Though meditation has been around for millennia, it can be a bit of a mystery for some. Getting at the truth about what meditation is—and isn’t—may help warm you up to the idea of giving it a try. And it’s worth considering. The practice actually can do a lot for us—psychologically, spiritually and physically.
Some basic facts about meditation are a good place to start. Different types of meditation have been practiced historically by diverse cultural groups, but the term generally refers to a group of techniques that encourage you to focus on the moment, breath by breath, toward the ultimate goal of achieving a deep state of relaxation and centeredness. A meditation practice may involve repeating a word or phrase (known as a mantra) to yourself, or you may be asked to sit silently with your thoughts. Whatever technique you choose, one thing is sure: Over time, daily meditation may improve your overall wellbeing.
It is believed that meditation works by reducing activity in the sympathetic nervous system (which mobilizes the body for action) and increasing activity in the parasympathetic nervous system (responsible for slowing heart rate and breathing, increasing digestive juices and improving blood flow).
The benefits of regular meditation may include:
- Reduced stress and anxiety
- Decreased blood pressure
- Less fatigue and insomnia
- Improved airflow to the lungs (particularly beneficial for those with asthma)
- Better pain management
Considering that these health advantages can be obtained free of charge and with no side effects, you’d think everyone would want to meditate. But according to a recent survey, only 9.4 percent of the U.S. population does. Don’t let common myths dissuade you. Find out the facts and you just might decide to finally give meditation a try. As many fans would say: “Don’t just do something, sit there.”
Myth: Meditation is a religious practice.
Fact: Although meditation is associated with certain religions and cultures, you can be completely secular and still reap its benefits, both physical and spiritual.
Myth: It takes a long time to learn to meditate, and years to master it.
Fact: Meditation, at its core, is about freeing your mind of internal chatter, gently pushing such thoughts away when they enter your consciousness so that you become centered and present. Do that for five minutes and you are meditating. However, as with most activities, the more you practice, the deeper and longer your meditative state may become (and the more helpful you may find it).
Myth: Some people just can’t meditate.
Fact: People who are easily distracted, nervous or simply very busy may not be as naturally inclined toward meditation, but that doesn’t mean they shouldn’t consider giving it a try. With patience and practice, anyone can meditate.
Myth: You have to chant to meditate.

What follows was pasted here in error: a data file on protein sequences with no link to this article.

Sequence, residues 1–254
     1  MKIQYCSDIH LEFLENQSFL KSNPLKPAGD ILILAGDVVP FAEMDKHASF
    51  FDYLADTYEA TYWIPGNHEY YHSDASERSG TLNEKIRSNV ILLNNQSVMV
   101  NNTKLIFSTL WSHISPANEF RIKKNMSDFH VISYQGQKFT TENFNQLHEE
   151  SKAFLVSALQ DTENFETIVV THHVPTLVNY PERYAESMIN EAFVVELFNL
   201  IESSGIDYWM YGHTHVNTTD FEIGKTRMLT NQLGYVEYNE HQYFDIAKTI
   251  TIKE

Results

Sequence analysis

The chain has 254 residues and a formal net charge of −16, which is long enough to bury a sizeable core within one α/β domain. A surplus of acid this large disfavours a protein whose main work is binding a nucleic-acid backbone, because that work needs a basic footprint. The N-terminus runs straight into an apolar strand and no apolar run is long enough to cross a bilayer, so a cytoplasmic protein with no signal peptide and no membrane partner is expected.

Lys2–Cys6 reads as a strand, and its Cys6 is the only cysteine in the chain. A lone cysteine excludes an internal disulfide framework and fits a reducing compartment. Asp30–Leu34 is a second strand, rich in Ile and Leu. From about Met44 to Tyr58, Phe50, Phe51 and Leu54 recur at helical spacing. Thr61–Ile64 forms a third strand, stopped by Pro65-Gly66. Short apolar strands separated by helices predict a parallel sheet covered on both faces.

Fact: While different forms of meditation can include chanting, it is not essential to a successful practice. Think of chanting or repeating an affirmation (such as “I am at peace”) as an optional tool; actively repeating words or sounds may help you keep stray thoughts at bay. If you’re more visual, gazing at an image or candle flame may help you reach a meditative state. Or you can opt for none of the above and simply breathe.
Myth: You have to sit in an uncomfortable, difficult yoga position to meditate.
Fact: It’s best to keep your spine straight during meditation to allow for easy natural breathing, but there is no single posture you need to adopt. You can do it seated in a chair or even while moving or exercising. If you happen to do yoga, meditation can be incorporated into your practice.
There are a variety of avenues open to you if you’re ready to explore meditation. Some people prefer guided meditation (taking a class or workshop with a certified teacher), while others like the convenience of self-meditation at home. There are excellent books, DVDs and CDs available to help you. Or, you can try it right now:
- Sit up straight but comfortably in a quiet place. Light a candle or play soft music if you like to enhance the ambience and deflect distractions.
- Begin to become aware of your breathing. Focus on the sensations of your inhalations and exhalations.
- If it appeals to you, focus on your body, starting at your feet and slowly moving up. Or you can recite a mantra/affirmation, or gaze at the candle or image—experiment to discover what suits you best.
- When stray thoughts occur, try your best to “move” them aside gently, acknowledging that you can come back to them at a later time. Many people find themselves frustrated by such thoughts when beginning to meditate, but they are an extremely common part of the process. With this in mind, try to maintain an open attitude towards these distractions—don’t judge or chastise yourself for having them.
While five minutes of meditation can bring benefits, try to at least devote 10 to 15 minutes to your practice. Set a timer and allow yourself to focus only on the present.